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carol m

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carol m    64

That's interesting Noodler - that toothpic idea is the sort of thing I was thinking of if the wood of the body has been torn/damaged. Are toothpics a hardwood? I doubt that matchsiticks are. If necessary, you could drill out a larger circle and get dowling or some hardwood specially cut to fit the hole, and then bash it in with a hammer (plus glue!). I'm sure something along those lines would have a chance of success.

Meanwhile the cheapy black one hasn't seen the light of day since I got my Samick (still in the back of the cupboard).

Yes, I like the new one better too (almost the same colour as yours I noticed!!!!). Guitar guy couldn't possibly have known that the only guitar colour better than black is blue/green! I didn't stand a chance - it was love at first sight (it's good to play too :laughingg: )

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karcey    42

Carol, there a heaps of products on the market which are designed for the amateur user and are stronger than the original timber. All of the ideas mentioned so far will hold the neck securely. If it were mine I'd probably use a "builder's bog" type product to fill the holes and then redrill the holes to take the existing screws. Biggest problem you face is what to do with the rest of the stuff you buy ... you'll only need a thimbleful you know. Pity you don't live a bit closer to Newcastle ... we could have it done in no time.

The rest of the instrument looks perfect for you to try your setup skills. Keep us posted.

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carol m    64

What's 'builder's bog'? Our handyman (and his offsider is a cabinet maker) will probably have a whole arsenal of glue and timber off-cuts to use.

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karcey    42

These two part epoxy fillers stick extremely well and can be drilled, sanded shaped etc.

The trick to fixing a neck is to maintain the original alignment, assuming of course that the person who made it in the first place lined it up properly.

So get rid of the strings and remove the neck. Clean away any loose timber from around the top of the holes. Then fit the neck and work out which are the best two holes. They will at least feel firm when you put the screws in. (There are always a couple of good ones, so don't fret.)

Then remove the neck and fill the worst holes with filler, working it right down into the holes. You don't have a long time before the stuff goes off so don't muck about. Clean off the surface so it's not above the level of the timber. When it's gone hard (leave it for as long as the instructions say) reassemble the neck using the two good screw holes and then redrill the two filled holes to take the screws. After the screws have cut their new threads you'll have two new good holes and two old holes. Repeat the filling steps for the old holes and you'll end up with four good new threaded holes which will be as strong or stronger than the originals. Doing the job in two steps means the alignment of the neck will not have changed.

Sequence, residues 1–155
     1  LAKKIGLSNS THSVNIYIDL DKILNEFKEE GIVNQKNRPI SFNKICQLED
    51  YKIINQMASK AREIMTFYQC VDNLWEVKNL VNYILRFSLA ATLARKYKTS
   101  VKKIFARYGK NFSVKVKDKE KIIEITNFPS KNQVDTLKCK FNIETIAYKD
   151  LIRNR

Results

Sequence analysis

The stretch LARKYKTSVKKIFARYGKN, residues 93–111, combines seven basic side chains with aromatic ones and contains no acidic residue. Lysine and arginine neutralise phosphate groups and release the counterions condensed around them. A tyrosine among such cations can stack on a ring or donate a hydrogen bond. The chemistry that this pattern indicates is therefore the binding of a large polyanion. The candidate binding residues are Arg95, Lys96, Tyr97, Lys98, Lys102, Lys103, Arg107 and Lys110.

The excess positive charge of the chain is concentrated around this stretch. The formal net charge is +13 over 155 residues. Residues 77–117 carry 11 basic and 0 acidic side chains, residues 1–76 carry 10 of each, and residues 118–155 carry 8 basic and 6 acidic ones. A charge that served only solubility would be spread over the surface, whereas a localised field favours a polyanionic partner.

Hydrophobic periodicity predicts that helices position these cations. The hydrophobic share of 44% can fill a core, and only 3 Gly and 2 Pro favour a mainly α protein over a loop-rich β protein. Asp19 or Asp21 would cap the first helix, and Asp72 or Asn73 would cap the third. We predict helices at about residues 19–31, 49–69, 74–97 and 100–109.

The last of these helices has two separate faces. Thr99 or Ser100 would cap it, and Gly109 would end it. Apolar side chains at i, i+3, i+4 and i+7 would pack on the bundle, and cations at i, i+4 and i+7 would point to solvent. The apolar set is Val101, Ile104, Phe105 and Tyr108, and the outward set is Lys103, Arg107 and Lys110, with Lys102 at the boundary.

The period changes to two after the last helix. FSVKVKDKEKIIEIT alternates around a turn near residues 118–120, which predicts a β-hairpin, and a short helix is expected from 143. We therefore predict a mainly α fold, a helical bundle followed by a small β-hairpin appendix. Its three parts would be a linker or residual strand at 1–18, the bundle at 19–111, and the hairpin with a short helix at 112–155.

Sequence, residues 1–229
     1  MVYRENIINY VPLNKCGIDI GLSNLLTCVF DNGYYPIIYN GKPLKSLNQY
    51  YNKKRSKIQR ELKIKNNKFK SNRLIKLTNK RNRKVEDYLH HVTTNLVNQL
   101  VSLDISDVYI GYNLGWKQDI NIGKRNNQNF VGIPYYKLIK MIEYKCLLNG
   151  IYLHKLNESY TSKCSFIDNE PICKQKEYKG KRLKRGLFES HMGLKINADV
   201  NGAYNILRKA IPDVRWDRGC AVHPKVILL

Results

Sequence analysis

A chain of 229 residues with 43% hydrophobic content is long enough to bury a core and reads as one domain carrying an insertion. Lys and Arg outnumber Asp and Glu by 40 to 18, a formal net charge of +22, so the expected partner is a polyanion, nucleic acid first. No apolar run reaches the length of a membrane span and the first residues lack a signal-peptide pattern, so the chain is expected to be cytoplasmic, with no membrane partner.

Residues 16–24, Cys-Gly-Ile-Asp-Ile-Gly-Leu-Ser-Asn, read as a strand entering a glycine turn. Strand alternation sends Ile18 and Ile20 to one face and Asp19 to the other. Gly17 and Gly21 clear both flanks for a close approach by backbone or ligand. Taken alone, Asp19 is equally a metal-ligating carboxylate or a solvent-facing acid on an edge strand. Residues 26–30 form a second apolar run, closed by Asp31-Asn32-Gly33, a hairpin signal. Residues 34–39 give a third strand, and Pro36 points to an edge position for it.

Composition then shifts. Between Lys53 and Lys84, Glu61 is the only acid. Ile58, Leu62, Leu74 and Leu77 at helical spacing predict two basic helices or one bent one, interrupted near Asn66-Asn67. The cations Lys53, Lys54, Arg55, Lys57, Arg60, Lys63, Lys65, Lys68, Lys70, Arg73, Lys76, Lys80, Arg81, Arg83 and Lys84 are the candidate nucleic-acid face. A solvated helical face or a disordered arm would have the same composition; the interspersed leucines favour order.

Easy? Very easy!

The job is best done over a period of time, but each step is in itself is very quick. You could even do one hole at a time if you wanted to.

Overdrilling the holes and plugging with a dowell is effectively the same, but nowhere near as easy as filler.

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carol m    64

Thanks for that info Karcey. I'll get some builder's bog, unscrew the neck, do the first 2 holes so that when Emelio arrives (his usual reply to 'When are you coming?' is 'After tomorrow!' and he has no idea how fiendishly clever this is) he can screw in the first two (he'd be much better at it than me). Then do the 2 other holes myself and get him to screw those as well. He will be here for a couple of days so that should be perfect.

I fancy myself as a bit of a small time fix-it person so that should work well. Thanks for you tips, karcey, it's much appreciated. I'll tell you how it goes...after tomorrow! :)

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carol m    64

Update on the black ebay guitar in need of first aid. All fixed. Plays really well, comfortable and has a slightly different sound from the Samick. Now I need a guitar rack (to hold 5 for the ones I have, or a 7 if I'm being realistic!) because my single original nylon string guitar has found a few more play-mates than I anticipated!

Thanks for all your help guys. it was the Builder's Bog that got the nod.:winkthumb:

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starsailor    20

Great Job Carol, 2 nice guitars for $160, you certainly have an eye for a bargain, doesn't get much better than that, Kudo's to you on the repairs, nice one:claping: :winkthumb:

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